Friday, 30 January 2015 - 12:58
Big data analysis "essential" to modern crime fighting: police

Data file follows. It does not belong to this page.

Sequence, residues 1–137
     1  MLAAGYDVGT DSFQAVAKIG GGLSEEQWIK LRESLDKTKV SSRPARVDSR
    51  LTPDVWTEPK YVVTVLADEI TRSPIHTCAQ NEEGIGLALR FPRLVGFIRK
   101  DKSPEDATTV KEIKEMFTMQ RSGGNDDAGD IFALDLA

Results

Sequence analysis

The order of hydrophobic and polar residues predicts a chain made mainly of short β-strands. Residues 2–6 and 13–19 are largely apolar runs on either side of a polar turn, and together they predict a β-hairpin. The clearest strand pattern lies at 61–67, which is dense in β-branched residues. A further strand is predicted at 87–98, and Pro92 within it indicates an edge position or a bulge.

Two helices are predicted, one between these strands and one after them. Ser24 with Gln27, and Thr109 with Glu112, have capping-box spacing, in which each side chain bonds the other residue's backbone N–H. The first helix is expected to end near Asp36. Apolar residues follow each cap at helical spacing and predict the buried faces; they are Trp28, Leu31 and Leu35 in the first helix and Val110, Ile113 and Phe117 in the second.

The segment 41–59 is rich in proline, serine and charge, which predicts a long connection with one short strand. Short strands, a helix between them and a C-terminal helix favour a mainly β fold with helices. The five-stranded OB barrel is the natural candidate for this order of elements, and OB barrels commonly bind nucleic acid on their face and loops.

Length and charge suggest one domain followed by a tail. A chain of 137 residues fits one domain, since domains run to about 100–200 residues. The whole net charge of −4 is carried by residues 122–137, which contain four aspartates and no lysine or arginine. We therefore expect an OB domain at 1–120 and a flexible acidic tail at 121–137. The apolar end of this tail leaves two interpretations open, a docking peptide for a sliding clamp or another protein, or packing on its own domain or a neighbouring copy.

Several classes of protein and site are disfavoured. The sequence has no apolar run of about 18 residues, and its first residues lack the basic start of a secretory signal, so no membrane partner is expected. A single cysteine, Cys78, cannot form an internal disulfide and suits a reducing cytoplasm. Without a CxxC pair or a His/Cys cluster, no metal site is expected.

In a Round Table discussion yesterday the police and the Public Prosecutor discussed the value of telecommunications data for the detection of serious crime with the Second Chamber. According to a statement on the police's website, they find it essential that telecom and internet providers keep certain communication data for a certain period of time - the so called data retention. This involves the so called name - address - residence data of telephone numbers and IP addresses. This data shows, for example, what number called or texted another number and where. For IP addresses only the log on- and log off data is involved. According to the police, all sorts of crime would hardly exist without the internet. These involve cyber-crimes like DDOS attacks, the spread of malware and viruses and child pornography. In these cases an IP address is often the main (and sometimes the only) clue to the identification of the perpetrators. According to the police, user and internet traffic data is therefore "absolutely indispensable" for criminal investigations. The statement reads that other investigations will "undoubtedly" cost more time and manpower if the data retention is limited, especially if a phone number or IP address is the only clue. It would also force the police and judiciary to use much heavier detection means to compensate for the missing data, such as observation and line tapping. The police state that this will lead to a greater invasion of privacy and will not provide a solution in all cases. "Police and Justice are well aware that data retention violates the privacy of citizens. If other alternatives were available we would definitely choose them, but there are really no alternatives." the police states on their website. "Privacy interests must be weighed against the importance of a safe society." The police and judiciary also explicitly refers to the "persistent misconception" that the data of all citizens are centrally stored for further analysis. According to the police, providers store the data in their own databases. This is done according to national regulations, which the Telecom Agency supervises. "Investigating authorities can therefore definitely not randomly and at will extract and analyze data. There must always be the suspicion of a serious crime." According to the police, they also first weigh the tradeoff between privacy violation and the importance of detection. The police and Prosecution annually request telecom data tens of thousands of time. The police states that the image that they thereby unreasonably infringe on the privacy of citizens is therefore entirely misplaced. "The retrieval of such data is done solely because it often leads to a result, reduces crime and thus promotes the safety of citizens."